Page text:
The debate over statues and streets named after Dundas rumbles on. Of course, we have far too many statues commemorating rich conservatives who stood in the way of progress. Our cities might indeed project a more optimistic image if these works were moved to sculpture parks, where they could be appreciated for their artistic value rather than the politics they glorify.
But wouldn't it be good if we could be a bit more positive than that? Why not spend more time and money on celebrating the lives of those who did good in their time? And St Andrew Square is a case in point.
While the controversial statue lowers over the square from its centre, a small plaque attached to a building in the north-west corner of the square deserves more attention. It commemorates Henry Brougham who, among many other achievements, founded the Edinburgh Review
. Brougham later moved to London and was a noted Whig politician. At this time he became a vigorous supporter of the movement for the abolition of slavery, a cause to which he would be passionately devoted for the rest of his life.
The man who delayed the abolition of slavery is commemorated by a vast column and statue. That is clearly regrettable. But his Edinburgh contemporary who worked for the abolition of slavery is commemorated by a faded plaque not a thousandth of the size and probably noticed by only one in a thousand of those who pass by. That should be a cause for concern to anyone who believes in the power of positive political action.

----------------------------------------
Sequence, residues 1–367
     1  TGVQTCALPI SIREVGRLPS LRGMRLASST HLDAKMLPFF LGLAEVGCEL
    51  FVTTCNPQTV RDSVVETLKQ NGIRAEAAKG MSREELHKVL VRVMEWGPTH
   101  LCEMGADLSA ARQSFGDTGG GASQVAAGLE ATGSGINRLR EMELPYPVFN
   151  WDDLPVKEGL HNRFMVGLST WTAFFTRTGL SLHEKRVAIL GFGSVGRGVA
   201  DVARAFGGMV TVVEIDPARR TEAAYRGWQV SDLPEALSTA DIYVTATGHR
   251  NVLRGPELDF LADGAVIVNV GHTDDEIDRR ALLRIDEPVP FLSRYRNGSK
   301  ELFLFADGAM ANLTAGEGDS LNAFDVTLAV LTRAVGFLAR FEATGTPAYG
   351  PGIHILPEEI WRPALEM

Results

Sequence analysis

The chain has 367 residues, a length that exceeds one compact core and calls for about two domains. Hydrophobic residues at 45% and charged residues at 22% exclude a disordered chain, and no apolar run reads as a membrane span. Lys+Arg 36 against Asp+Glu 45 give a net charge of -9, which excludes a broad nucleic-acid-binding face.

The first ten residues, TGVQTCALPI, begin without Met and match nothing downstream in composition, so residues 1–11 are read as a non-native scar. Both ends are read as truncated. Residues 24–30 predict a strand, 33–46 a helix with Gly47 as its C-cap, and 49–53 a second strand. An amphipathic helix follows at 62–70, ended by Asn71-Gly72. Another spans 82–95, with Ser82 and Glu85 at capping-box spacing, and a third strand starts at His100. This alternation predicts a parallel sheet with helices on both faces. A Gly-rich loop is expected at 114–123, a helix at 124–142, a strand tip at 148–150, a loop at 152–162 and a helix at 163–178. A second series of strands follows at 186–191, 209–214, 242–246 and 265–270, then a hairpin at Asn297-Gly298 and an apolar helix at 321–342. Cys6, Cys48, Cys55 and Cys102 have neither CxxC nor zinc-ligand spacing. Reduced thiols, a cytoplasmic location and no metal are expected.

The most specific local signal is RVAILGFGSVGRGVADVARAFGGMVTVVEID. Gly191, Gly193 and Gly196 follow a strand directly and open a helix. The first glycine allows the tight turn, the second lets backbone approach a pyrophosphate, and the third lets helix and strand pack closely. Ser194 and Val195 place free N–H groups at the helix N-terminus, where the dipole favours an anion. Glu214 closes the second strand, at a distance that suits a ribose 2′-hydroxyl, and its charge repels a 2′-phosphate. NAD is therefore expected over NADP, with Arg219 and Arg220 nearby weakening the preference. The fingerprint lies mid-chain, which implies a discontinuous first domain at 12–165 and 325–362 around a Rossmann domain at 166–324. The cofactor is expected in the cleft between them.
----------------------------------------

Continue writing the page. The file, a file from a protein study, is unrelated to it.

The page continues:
While it is satisfying to excoriate those who behaved badly, it would be constructive to ensure that those who enabled beneficial progress within the framework of their time are given proper recognition.
A news item in The Guardian
on 2 December caught my eye. It told me that the Royal Mail (incidentally, why is a private company allowed to describe itself as 'Royal'?) has announced that from 1 January 2021, the cost of a first-class stamp would rise to 85p. That represents a 21% increase since March this year. And it means that a first-class stamp will cost double what it did in 2010.
But how does 85p today compare with my memory of buying a stamp for a letter in, say, 1950? Well I'm absolutely certain that for years in the post-war period a stamp cost exactly tuppence ha'penny. And remember, I'm talking about the pre-decimalisation world when a pound was worth 240p. So, in today's money, a stamp then cost the equivalent of 1p – i.e. the new stamp will be 85 times more expensive than it was in 1950.
Of course, it is always fun to compare today's prices with those in the olden days. In 1945, the average annual salary was £214 – which explains why 'a thousand a year' job became a guarantee of middle-class status and security. Then the average cost of a house was £620 – which explains why in Aberdeen as late as 1970 I remember insisting that the time would never come when I'd pay five figures – £10,000 – for a house!
But 85 times as much? Surely this is an all-time record, and proof that the Royal Mail should be re-nationalised.
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